These students will potentially be in most of your classes and are looking to gain from college the same thing as you: a new experience.

Just walking into class on the first day and seeing the familiar faces of your colleagues is a rush of happiness and comfort.

A new friend is just one more connection, and you can never have too many of them. How many times have you met a friend of a friend who’s the roommate of that friend who is in your same class? It’s already happened.

Making friends is not difficult, nor is it time-consuming. The orientation team at USF helped everyone in this procedure. Numerous students also enjoyed other events such as the dance and the hypnotist. All of them gave students an opportunity to branch out into other social circles. Without even a week under their belt, they made plenty of new friends that they would be able to just text, give a call or send a message to through Facebook.

On the day of orientation, I can honestly say I knew a handful of students, and my networking already began. The Orientation Team did an excellent job. What’s the best part about this? It’s not over.

Scavenger Hunt Enlivens Orientation

Two hundred and fifty freshmen and some of their parents traveled to San Francisco during the first weekend in July to attend Discover USF and participate in the GO (Get Oriented) Game, two new orientation programs that were created in an effort to make the freshman summer orientation friendlier and more effective to incoming students. Peter Novak, dean of the College of Arts and Sciences, spearheaded the new programs and the revision of Web Track. Novak utilized his performing and visual arts background to create a video that explained and showed how Discover USF and the GO Game worked this summer. More than a shiny view of the freshman experience at USF, the optional weekend program resonated with some freshmen who were able to assimilate to portions of life as students in San Francisco.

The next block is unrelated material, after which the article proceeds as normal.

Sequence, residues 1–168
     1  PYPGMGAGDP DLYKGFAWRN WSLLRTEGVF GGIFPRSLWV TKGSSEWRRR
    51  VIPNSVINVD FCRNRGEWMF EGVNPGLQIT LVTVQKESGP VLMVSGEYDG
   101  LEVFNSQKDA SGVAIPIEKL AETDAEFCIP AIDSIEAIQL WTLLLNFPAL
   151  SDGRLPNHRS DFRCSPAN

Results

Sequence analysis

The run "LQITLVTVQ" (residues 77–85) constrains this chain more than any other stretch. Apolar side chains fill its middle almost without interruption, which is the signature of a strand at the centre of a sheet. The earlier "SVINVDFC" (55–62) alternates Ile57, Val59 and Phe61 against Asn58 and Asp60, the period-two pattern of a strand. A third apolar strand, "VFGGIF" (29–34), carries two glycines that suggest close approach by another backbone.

Laura Waldron, a freshman media studies major and university scholar from Phoenix, chose to attend Discover USF and participate in the GO Game. Waldron traveled to San Francisco during the first weekend of July for a preview of dorm life.  The day after hearing Rev. Privett’s convocation speech about embracing the future and “assuring parents that their kids were in good hands,” a resident advisor told Waldron and her team members, “You have four hours to conquer the city.”